Tuesday, December 5, 2017

December 6, 1917 at 9:04 a.m.

It's early in the morning of December 6, 1917 and a lot of your older friends are on the way to school and some are already there.  You're six years old and  you can see the Halifax Harbour from the big bay window in your dining room and wow, look at that -- two ships just hit each other and one is on fire !  Your mom and brother come to look out the window with you.  

This is exciting !

You put on your coat and run down the hill toward your friend's house so you can go watch the fire together.

Suddenly there is a BOOM !  You are soaked and tossed down and up and the next thing you know you are flying through the air.

You are Barbara Orr.   And you just survived the Halifax Explosion.

A panel from Laurie Swim's Halifax Explosion memorial quilt depicting Barbara tossed into the air.

What people rushing to windows to watch the burning ships did not realize, was that one of them was loaded with war time munitions.  At 9:04 that morning the Mont Blanc exploded with a man-made power only surpassed by the 1945 atomic bombs dropped on Japan.

A clock stopped at 9:04

The fireball height was 1.2 miles. The shock wave travelled across the land at 756 mph.  The tsunami radius was one to three miles. The iron hull of the 6,880,627 pound Mont Blanc was hurled 1,000 feet into the air !  A carbon saturated "black rain" fell for 10 minutes after the explosion. 

The force of the explosion created a shock wave followed by a tsunami that emptied the harbour of water.  The tidal wave enveloped bystanders sucking them back into the harbour.  

More than 2.5 sq km of the town was levelled either by the shock wave, the tsunami, or the structure fires caused when wooden buildings collapsed on lanterns, stoves and furnaces.

Out of a population of over 60,000 nearly 2,000 people died, 9,000 were maimed or blinded and more than 25,000 left without adequate shelter.  

Many children were killed on their walk to school that morning or blinded by flying glass. Many of those that survived stumbled home only to find their homes shattered and their parents dead or injured in the wreckage.

Many pregnant women went into premature labour.

The city was devastated and needed help.

The first rescue train left Truro (about 90 km away) around 10 am carrying medical personnel and supplies, and arrived in Halifax by noon and returned to Truro with wounded and homeless by 3 pm !

The first relief trains to arrive came from across Nova Scotia, New Brunswick, Ottawa and Montreal in Canada.  From the United States help arrived from Maine, Rhode Island, New York and Massachusetts bringing doctors, nurses and medical supplies as well as engineers, repairmen and equipment of all kinds, blankets, clothes and food.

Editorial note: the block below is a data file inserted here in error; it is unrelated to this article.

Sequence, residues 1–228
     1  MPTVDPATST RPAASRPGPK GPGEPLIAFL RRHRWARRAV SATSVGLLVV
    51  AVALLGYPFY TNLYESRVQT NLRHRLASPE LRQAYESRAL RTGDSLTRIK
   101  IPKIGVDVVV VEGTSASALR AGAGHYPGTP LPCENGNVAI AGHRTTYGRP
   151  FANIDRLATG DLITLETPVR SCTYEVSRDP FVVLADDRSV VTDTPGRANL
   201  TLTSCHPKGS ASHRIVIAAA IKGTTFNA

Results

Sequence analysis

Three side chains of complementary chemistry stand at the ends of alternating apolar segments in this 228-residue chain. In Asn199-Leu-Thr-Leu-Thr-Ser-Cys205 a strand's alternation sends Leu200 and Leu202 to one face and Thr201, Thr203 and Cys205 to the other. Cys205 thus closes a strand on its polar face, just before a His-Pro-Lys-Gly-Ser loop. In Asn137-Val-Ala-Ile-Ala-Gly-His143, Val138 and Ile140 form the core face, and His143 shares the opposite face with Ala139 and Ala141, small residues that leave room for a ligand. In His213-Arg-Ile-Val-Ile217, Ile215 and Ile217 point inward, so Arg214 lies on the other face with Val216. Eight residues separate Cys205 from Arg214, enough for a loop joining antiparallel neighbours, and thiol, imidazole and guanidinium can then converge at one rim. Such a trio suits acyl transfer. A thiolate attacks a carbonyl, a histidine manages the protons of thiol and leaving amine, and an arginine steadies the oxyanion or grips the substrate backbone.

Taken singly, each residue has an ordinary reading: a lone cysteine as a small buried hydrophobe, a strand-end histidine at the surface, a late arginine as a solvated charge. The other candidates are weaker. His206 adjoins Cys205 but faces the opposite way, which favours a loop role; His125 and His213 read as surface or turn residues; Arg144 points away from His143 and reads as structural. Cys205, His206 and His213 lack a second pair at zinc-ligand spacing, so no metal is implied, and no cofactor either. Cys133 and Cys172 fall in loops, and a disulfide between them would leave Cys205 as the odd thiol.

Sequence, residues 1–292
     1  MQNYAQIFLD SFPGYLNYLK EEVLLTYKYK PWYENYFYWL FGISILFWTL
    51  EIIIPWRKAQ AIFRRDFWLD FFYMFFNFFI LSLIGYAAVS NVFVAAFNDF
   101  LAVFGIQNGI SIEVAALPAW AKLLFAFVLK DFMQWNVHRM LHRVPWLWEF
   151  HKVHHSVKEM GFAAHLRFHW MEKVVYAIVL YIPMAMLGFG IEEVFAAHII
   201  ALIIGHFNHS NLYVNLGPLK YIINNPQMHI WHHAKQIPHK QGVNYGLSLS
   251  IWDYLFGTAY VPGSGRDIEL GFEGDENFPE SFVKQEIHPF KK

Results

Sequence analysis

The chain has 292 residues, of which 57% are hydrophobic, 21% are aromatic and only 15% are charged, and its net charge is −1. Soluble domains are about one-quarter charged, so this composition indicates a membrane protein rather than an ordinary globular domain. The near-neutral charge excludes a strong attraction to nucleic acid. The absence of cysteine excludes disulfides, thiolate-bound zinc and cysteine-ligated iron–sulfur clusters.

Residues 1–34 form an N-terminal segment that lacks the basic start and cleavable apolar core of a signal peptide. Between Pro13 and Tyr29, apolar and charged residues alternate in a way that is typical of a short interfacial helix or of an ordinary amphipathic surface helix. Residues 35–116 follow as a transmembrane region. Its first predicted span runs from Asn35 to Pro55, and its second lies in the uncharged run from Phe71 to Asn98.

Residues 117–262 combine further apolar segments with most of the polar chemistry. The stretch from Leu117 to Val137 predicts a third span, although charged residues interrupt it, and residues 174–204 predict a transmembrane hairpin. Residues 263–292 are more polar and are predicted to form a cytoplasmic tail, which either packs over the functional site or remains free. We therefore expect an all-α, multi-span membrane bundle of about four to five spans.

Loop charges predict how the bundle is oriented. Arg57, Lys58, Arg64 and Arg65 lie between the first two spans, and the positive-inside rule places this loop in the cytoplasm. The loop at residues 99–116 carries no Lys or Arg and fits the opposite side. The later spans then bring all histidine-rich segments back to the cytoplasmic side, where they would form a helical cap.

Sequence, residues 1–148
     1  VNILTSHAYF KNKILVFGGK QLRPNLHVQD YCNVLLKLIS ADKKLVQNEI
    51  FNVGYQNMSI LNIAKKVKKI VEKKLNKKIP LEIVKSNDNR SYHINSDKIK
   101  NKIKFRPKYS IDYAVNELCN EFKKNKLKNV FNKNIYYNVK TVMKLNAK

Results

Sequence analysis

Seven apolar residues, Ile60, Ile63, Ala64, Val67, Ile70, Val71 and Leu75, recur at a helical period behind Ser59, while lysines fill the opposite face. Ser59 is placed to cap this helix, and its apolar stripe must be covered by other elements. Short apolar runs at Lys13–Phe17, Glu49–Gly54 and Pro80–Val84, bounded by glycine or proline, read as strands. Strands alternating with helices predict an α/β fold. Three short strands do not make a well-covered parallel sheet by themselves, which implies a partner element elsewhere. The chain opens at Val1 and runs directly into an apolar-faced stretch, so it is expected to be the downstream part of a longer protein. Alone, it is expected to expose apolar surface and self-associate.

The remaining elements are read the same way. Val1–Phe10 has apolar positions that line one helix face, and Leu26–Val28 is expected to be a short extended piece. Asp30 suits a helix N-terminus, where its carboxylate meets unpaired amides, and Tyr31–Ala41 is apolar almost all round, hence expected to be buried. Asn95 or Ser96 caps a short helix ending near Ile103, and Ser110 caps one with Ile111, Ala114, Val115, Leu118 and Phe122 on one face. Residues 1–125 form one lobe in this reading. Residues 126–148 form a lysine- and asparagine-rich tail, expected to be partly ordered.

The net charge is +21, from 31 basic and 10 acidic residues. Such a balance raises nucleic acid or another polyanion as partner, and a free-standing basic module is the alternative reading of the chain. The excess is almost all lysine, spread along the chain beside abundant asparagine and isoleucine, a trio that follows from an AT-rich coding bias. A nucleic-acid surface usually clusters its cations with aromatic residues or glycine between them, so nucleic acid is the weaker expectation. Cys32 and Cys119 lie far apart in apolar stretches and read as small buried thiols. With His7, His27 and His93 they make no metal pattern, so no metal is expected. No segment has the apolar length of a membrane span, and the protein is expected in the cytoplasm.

Generous donations came in to meet the urgent need.

                                                             1917 dollars                      2008 dollars
Canadian Government$8,000,000$129.4 million
Great Britain$5,000,000$80.9 million
United States (Congress)$5,000,000$80.9 million
Australia$250,000$4.1 million
New Zealand$50,000$0.8 million

Did you know that the City of Halifax sends an enormous Christmas tree to the City of Boston every year.  It is done in thanks for the generous help of the Massachusetts-Halifax Relief committee that opened a warehouse where displaced families could find free household goods.  The relief committee worked with Halifax until 1924 to help survivors and improve health conditions in the city.
  • Canadian postage stamp commemorating the 100th anniversary of the explosion.

The day after the explosion brought tragedy to the City of Halifax, an unpredicted  nor' easter winter storm with blizzard conditions compounded the survivors misery.

It's hard to imagine what it was like for those people 100 years ago who rushed to windows to watch two ships burning in the harbour below and whose lives were forever changed at 9:04 am on December 6.


Follow the link to  learn more about the Halifax Explosion memorial quilt created by Laurie Swim

Read more about Barbara's story, "I was there" here   


  1. The Toronto Star published a three page spread on the Halifax Explosion and the aftermath. I sent several of my Halifax area relatives the Canada Post first day cover for their special commemorative stamp.

    Thanks for your post.

    1. The only thing I knew of it back when I lived in Ontario was thanks to those "Heritage Moments" and the famous story of Vince Coleman, the telegraph operator who warned a train not to enter the city.

  2. What a horrific day it must have been for all involved. This weekend, I saw a W5 special on youtube about the explosion. The suffering must have been beyond imagination for both the injured and the helpers. Didn't know about the tidal wave pulling people into the water. Good grief. Thanks for the timely post.

    1. Apparently the bottom of the harbour was briefly visible. I never knew about it or the speed of the shock wave ... the disaster led to great strides forward in treating eye injuries and also the formation of the CNIB

  3. Great post -- wow, those horrific details of the blast . . . .

    1. Apparently J.Robert Oppenheimer did some calculations and determined the blast to be 1/5 to 1/3 the strength of the bomb dropped on Hiroshima !

  4. Replies
    1. An amazing tale of tragedy and survival eh ?

  5. Oh my word, that must have been absolutely terrifying. I had never heard of the Halifax explosion before.

  6. Thanks for sharing such an important story that we need to remember.


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